By November 20, 2012 10 Comments Read More →

Tim Ferriss Interview on The 4-Hour Chef

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Tim Ferriss’ new book The 4-Hour Chef is now out.   I had the pleasure of talking with Tim Ferriss about his new book.

The 4-Hour Chef is more than a cookbook — it’s a cookbook for life.

As you may know, Tim Ferriss it the best-selling author of The 4-Hour Work Week and The 4-Hour BodyThe 4-Hour Chef is along the same lines, but now Tim takes things to a new level and a new domain.  The subtitle of The 4-Hour Chef says it all: The Simple Path to Cooking Like a Pro, Learning Anything, and Living the Good Life.  The book is really about learning how to learn anything more effectively, and how to savor your life, a bite a time, a meal at a time, or an experience at a time.

Learning how to cook is a great scenario for the book because it’s something we can easily relate to and apply in our everyday life.  Cooking is a topic that can be potentially intimidating or overwhelming, and Tim shows you how to chop it down to size, which is one of the keys to learning faster and more effectively.  Along the way, you learn how to truly taste your food, maybe even for the first time, and in turn, your life.   It’s about living your life in a high-definition way.

The 4-Hour Chef is also full of surprising insights.  One of the things that surprised me the most is the minimum number of tools you need on hand in the kitchen to make some of the greatest meals on Earth. (It’s smaller than you might think.)

In the interview, I ask Tim five questions:

  1. What is the story you use the most? (we all have them, the favorite story that we use to illustrate our core messages.)
  2. What’s one great technique that people can use to instantly change the quality of their life?
  3. What did you learn that surprised you in making the 4-hour chef?
  4. How do you make time, when you absolutely don’t have time?
  5. What is a simple way that anyone can start to experiment more with their life style?

I really wanted the readers of Sources of Insight to get some insight that you could use today.

Enjoy the interview.

Right click to download the Interview with Tim Ferris (MP3)

10 Comments on "Tim Ferriss Interview on The 4-Hour Chef"

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  1. Clay says:

    Thank you for sharing this, lots of great insight in this interview. I can’t wait to get a chance to read the book!

  2. Olivier says:

    I listened to the podcast and read some reviews on this book and I’m not going to read it. From these I think there ins’t really anything he talks about in his book that would not generate a “duh” moment for people coming like me from cultures in which cooking is just natural (think China, India, Southern-Europe…).

    Of course you don’t need tons of equipement to cook, of course your set of pots if used (so are your knives), of course cooking is not intimidating, of course cooking in the evening does not need to take lots of time, etc.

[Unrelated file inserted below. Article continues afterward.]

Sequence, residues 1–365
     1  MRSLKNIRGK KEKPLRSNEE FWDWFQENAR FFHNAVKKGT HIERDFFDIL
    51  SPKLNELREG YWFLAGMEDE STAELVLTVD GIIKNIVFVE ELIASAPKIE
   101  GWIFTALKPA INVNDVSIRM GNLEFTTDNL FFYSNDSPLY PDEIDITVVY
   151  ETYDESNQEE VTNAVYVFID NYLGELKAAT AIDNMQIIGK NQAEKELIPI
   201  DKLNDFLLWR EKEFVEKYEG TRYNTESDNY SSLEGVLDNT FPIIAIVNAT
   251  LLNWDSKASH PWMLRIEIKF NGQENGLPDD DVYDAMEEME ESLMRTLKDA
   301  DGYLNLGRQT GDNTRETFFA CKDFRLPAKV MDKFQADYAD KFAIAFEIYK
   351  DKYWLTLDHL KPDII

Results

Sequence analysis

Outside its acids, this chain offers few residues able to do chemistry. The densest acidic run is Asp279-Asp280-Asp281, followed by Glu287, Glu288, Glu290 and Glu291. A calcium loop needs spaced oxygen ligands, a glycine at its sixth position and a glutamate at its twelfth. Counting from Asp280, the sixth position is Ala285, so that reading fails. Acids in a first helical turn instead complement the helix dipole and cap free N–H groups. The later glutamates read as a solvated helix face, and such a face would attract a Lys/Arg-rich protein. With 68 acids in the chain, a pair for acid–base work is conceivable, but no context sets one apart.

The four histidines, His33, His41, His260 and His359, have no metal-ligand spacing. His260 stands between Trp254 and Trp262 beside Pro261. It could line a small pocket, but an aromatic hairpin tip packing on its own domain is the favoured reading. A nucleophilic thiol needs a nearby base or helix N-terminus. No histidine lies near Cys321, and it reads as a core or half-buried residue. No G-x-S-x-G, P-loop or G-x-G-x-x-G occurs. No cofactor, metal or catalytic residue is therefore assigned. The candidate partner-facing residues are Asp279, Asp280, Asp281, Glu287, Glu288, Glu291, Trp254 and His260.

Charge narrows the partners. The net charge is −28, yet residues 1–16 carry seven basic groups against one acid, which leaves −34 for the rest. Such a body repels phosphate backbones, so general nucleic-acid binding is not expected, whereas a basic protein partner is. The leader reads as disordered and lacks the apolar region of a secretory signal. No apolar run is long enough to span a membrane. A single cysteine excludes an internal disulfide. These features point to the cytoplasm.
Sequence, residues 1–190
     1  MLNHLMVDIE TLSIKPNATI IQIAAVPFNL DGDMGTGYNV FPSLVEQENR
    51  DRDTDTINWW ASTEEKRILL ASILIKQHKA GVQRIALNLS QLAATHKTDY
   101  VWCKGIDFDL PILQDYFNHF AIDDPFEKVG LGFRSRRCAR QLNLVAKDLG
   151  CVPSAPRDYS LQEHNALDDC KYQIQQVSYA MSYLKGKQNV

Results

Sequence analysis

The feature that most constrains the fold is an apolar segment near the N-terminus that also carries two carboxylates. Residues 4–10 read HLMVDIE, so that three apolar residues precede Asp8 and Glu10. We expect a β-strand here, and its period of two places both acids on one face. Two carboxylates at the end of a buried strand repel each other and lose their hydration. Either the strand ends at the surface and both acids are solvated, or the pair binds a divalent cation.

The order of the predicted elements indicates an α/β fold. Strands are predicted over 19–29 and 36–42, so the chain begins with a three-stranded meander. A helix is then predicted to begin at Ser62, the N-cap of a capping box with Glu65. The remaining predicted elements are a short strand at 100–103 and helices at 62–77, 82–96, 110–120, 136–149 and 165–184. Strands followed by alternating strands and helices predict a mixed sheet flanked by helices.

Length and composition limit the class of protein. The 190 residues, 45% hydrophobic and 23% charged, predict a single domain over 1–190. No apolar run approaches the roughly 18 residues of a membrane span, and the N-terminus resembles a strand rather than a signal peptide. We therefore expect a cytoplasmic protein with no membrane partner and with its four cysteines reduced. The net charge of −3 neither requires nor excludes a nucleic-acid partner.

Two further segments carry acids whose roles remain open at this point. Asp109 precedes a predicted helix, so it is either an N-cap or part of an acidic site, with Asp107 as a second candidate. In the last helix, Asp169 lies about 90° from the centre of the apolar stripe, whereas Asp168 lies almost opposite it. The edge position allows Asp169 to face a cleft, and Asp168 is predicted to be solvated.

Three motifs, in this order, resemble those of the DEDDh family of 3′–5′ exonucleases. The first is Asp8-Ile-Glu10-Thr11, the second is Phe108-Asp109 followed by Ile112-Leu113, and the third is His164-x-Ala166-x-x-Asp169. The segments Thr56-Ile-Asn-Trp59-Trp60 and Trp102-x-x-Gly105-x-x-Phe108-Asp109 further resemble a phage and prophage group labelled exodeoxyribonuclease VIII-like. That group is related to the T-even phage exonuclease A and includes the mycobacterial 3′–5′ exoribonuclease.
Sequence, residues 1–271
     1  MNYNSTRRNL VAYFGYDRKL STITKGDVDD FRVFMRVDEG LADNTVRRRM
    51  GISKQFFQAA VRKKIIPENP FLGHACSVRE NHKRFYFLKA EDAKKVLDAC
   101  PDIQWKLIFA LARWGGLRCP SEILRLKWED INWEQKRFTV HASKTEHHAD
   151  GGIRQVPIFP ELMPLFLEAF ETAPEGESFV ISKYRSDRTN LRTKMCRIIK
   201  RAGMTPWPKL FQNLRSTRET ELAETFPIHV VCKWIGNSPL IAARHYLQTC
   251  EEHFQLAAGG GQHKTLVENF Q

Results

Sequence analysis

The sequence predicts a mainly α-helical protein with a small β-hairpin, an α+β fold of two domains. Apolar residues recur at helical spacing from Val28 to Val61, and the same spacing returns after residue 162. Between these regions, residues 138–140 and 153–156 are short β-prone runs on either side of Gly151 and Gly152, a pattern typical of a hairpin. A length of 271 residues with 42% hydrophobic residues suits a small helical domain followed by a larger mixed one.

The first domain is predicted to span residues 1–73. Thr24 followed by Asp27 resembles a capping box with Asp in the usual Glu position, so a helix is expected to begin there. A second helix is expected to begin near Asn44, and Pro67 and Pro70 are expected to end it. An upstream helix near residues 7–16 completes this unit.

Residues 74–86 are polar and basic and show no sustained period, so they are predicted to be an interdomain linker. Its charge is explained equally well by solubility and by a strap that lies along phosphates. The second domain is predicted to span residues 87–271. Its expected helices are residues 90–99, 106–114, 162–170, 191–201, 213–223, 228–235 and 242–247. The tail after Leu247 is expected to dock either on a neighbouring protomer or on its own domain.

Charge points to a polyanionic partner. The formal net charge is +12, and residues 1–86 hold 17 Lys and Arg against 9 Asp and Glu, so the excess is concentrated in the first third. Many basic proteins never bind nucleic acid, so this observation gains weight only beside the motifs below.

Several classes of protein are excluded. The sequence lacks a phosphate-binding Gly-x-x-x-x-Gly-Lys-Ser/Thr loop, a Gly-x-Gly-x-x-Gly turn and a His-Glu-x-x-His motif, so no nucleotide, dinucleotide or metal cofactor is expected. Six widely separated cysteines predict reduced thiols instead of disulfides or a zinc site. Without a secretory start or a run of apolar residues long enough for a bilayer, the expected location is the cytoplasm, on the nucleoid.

I did read his 4-weeks work-week and, honestly, most of its content was either a “re” of (for instance) the concepts you already talk about J.D. (prioritization, top items for the day, week, month; energy management, etc) and/or were not applicable to most people’s job. Yes if you’re a free lance consultant or book writer this can work. But not for the layman corporate employee.

  3. Hilary says:

    Hi JD .. what a great interview – and thanks for giving us such a valuable audio here on the blog – which we can dip into as and when we feel like it.

    I enjoyed your chat and it was fun hearing your voice! I’ve seen a few posts on his book … and will keep an eye open for it … unless it doesn’t hit the shelves as such …

    The story to illustrate our objective is an essential component of our entrepreneurial skills …

    Thanks very much – I’ll be back to re-read and listen to it .. Happy Thanksgiving to you and the family today … cheers Hilary

  4. Vey inspiring!Thanks a milion.

  5. JD says:

    @ Clay — I really enjoyed talking with Tim. He drives a lot of things from data, so his insights can be surprising.

    @ Olivier — It’s not really about cooking — it’s a book about rapid learning (so be careful not to judge a book by its title.)

    What I like most in the book is the surprising data. There are lots of data points and distinctions that can help with anything from learning a new language to learning how to swim most effectively.

    @ Hilary — What’s really refreshing about the book is that it’s thick and dense. It’s great to read something that really has a lot of insights and actionable things to do, from cover to cover.

    @ Siddartha — I think Tim has a way to boil impossible down to the possible … he exposes “how the magic trick was done.”

  6. Karl Staib says:

    I love how Tim Ferris explained his 80/20 analysis technique. I need to apply this technique this Friday. Great interview JD. I love how quick and to the point it was. I didn’t feel like I had to waste my time to get to the good stuff. :)

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